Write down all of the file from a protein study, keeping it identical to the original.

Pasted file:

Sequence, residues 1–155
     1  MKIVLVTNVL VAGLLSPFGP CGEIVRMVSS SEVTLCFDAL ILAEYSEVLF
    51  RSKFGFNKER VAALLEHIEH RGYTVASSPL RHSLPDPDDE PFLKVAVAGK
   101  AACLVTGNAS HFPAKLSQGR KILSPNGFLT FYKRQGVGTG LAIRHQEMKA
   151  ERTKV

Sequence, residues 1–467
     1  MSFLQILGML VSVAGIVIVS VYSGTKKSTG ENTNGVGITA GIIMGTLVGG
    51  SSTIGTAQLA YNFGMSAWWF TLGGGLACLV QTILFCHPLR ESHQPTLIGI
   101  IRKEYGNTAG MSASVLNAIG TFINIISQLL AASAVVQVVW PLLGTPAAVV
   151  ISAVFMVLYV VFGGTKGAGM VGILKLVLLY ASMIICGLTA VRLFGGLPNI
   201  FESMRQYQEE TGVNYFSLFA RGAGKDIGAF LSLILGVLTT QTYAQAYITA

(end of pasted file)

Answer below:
Sequence, residues 1–155
     1  MKIVLVTNVL VAGLLSPFGP CGEIVRMVSS SEVTLCFDAL ILAEYSEVLF
    51  RSKFGFNKER VAALLEHIEH RGYTVASSPL RHSLPDPDDE PFLKVAVAGK
   101  AACLVTGNAS HFPAKLSQGR KILSPNGFLT FYKRQGVGTG LAIRHQEMKA
   151  ERTKV

Sequence, residues 1–467
     1  MSFLQILGML VSVAGIVIVS VYSGTKKSTG ENTNGVGITA GIIMGTLVGG
    51  SSTIGTAQLA YNFGMSAWWF TLGGGLACLV QTILFCHPLR ESHQPTLIGI
   101  IRKEYGNTAG MSASVLNAIG TFINIISQLL AASAVVQVVW PLLGTPAAVV
   151  ISAVFMVLYV VFGGTKGAGM VGILKLVLLY ASMIICGLTA VRLFGGLPNI
   201  FESMRQYQEE TGVNYFSLFA RGAGKDIGAF LSLILGVLTT QTYAQAYITA